June 10, 2015
On Wednesday, June 10, the House Subcommittee that funds the Environmental Protection Agency (EPA) and Department of Interior (DOI) passed its fiscal year (FY) 2016 spending bill, voting to cut EPA funding and include a “policy rider” to stop EPA from administering its Clear Water Rule, also known as the Waters of the United States (WOTUS) rule.
The bill provides a total of $30.17 billion, which is $246 million less than current funding levels and $3 billion less than the President’s FY 2016 budget request. For EPA, the bill cuts $718 million, or 9 percent, relative to current funding levels.
According to Representative Nita Lowey (D-NY), Ranking Member of the House Appropriations Committee, if enacted, this would be the lowest funding level for EPA since 1997. The bill also caps the number of EPA employees at 15,000, which would be the lowest level since the late 1980s.
In addition to slashing the EPA budget, the funding bill includes more than 20 policy riders aimed at undermining a variety of President Obama’s environmental priorities, including regulations that limit carbon emissions and protect waterways, wetlands, and endangered species.
Clean Water Rider
One policy rider prohibits EPA from using any funds to implement its Clean Water Rule, which clarifies the scope of the Clean Water Act (CWA). Since the passage of the CWA in the early 1970s, multiple Supreme Court cases have generated confusion around what constitutes a “water of the U.S.” and thus warrants protection under the Act. EPA recently closed an extended comment period and issued a final rule after having received over 1 million comments on its proposed rule. NSAC submitted comments on the proposed rule in November 2014.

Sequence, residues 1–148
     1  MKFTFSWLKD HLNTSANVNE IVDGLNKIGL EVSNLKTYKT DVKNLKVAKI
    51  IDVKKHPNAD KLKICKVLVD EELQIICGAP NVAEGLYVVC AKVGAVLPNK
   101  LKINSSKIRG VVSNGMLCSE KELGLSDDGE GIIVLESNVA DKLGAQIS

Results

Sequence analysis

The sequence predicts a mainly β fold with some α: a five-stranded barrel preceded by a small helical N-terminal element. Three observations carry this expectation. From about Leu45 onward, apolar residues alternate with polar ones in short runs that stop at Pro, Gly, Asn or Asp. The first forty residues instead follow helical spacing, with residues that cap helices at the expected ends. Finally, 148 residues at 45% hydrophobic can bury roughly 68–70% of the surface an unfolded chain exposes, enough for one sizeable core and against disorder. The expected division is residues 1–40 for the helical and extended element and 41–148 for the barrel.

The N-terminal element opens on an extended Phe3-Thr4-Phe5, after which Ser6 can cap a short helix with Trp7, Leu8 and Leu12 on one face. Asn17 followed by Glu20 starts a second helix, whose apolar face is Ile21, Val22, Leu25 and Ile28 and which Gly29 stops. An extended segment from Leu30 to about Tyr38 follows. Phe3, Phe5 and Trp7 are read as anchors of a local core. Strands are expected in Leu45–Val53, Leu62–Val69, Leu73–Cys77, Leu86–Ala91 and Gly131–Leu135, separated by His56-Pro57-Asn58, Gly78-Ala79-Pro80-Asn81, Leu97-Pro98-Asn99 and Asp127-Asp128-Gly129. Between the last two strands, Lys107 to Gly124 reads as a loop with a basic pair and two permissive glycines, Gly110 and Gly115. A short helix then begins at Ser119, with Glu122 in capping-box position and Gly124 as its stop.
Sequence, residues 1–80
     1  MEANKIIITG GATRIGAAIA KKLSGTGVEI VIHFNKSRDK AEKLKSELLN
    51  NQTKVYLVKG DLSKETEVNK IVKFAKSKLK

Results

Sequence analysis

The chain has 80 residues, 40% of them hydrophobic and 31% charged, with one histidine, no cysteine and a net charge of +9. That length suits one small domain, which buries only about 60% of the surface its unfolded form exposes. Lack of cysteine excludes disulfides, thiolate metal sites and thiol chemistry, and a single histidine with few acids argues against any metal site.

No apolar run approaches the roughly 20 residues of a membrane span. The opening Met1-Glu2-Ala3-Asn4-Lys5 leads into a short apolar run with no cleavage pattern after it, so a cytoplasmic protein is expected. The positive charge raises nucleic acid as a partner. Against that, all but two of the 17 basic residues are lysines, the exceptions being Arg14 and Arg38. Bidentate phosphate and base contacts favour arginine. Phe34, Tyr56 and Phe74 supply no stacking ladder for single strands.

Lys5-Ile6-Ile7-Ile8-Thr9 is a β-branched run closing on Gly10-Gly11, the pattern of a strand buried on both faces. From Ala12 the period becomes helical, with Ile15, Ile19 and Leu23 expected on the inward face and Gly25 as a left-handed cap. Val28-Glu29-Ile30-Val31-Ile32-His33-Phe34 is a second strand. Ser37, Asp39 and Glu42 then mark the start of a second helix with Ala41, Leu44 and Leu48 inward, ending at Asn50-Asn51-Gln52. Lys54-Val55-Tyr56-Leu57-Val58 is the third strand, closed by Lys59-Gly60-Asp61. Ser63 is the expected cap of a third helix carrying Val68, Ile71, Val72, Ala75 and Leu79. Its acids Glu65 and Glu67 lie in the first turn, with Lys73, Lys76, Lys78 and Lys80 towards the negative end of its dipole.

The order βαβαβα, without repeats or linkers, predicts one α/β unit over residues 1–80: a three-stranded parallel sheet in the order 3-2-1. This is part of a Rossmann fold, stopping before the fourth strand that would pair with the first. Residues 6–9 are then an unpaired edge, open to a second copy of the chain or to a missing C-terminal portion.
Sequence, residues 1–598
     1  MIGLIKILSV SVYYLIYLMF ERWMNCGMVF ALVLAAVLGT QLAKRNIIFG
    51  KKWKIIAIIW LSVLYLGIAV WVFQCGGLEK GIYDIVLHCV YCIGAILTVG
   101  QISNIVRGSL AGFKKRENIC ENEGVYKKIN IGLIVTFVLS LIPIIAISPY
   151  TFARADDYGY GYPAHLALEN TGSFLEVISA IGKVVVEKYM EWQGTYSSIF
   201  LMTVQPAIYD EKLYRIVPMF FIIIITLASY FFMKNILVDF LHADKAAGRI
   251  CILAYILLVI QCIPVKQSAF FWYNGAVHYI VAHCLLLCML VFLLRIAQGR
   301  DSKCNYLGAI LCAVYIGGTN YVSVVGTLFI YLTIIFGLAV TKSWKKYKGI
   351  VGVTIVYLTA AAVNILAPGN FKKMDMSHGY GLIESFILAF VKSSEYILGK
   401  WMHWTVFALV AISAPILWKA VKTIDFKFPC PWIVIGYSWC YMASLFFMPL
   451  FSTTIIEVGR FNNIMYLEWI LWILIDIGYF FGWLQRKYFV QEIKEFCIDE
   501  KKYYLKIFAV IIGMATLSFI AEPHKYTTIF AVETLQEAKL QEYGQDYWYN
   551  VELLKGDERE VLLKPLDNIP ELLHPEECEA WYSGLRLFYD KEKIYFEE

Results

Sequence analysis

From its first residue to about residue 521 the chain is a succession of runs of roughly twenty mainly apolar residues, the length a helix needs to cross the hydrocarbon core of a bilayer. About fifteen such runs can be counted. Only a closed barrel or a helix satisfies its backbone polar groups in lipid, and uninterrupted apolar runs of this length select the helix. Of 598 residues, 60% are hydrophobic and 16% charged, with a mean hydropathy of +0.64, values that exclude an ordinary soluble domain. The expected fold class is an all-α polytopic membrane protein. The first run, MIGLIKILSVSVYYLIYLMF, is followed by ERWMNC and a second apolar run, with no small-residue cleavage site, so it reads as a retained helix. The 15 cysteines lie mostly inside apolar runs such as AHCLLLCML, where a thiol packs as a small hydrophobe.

Concurrent with today’s House Subcommittee markup, the Senate Committee on Environment and Public Works passed out a bill, introduced by Sen. John Barrasso (R-WY), which like the WOTUS rider included in the House appropriations bill, bars EPA from administering the Clean Water Rule. The House passed a companion bill in May.
Senate Stand Alone Bill
The Senate Committee markup on the bill, S. 1140, or the Federal Water Quality Protection Act, opened with remarks from Committee Chairman James Inhofe (R-OK) expressing concern about EPA “regulatory overreach” negatively affecting American farmers and ranchers. Sen. Barbara Boxer (D-CA), the Ranking Democrat, followed by raising concerns about S. 1140 weakening the existing Clean Water Act and creating even more confusion in future regulation.
There were five amendments raised to weaken the provisions in the bill, one by Senator Ben Cardin (D-MD), three by Senator Boxer (D-CA), and one by Senator Ed Markey (D-MA). The Committee rejected all five amendments on a strictly partisan vote basis, including one that Boxer thought might have a chance for some bipartisan support, negating the underlying measure if it was determined to increase federal costs.
The Committee then voted 11-9 in favor of passing the bill to force the EPA to withdraw its final WOTUS rule, again on a party line vote. Senator Boxer declared that the Committee was ripping the heart out of the Clean Water Act and that the meeting was a new low point for her on the Committee.
Difficult Path Forward
Despite passing both the House and Senate, Senator Barrasso’s bill is unlikely to become law, given that a very significant number of Democratic votes would be needed to override a presidential veto.
However, Sen. Lisa Murkowski (R-AK), who chairs the Senate Appropriations Subcommittee on Interior and Environment, intends to also include the WOTUS rider in the Senate’s version of the Interior-Environment appropriations bill for FY 2016. Vetoes on appropriations bills are far more difficult for Congress to override, and if Congress sends all appropriations bills to the President as a package (known as an “omnibus” appropriations bill), the President may be less inclined to use his veto authority in the first place.
In all likelihood before it even reaches that point, there will be a set of negotiations between the White House and the Hill to try to settle some of the myriad spending and policy rider issues.
We will continue to track and report on both stand-alone WOTUS legislation and the appropriations process as they move forward.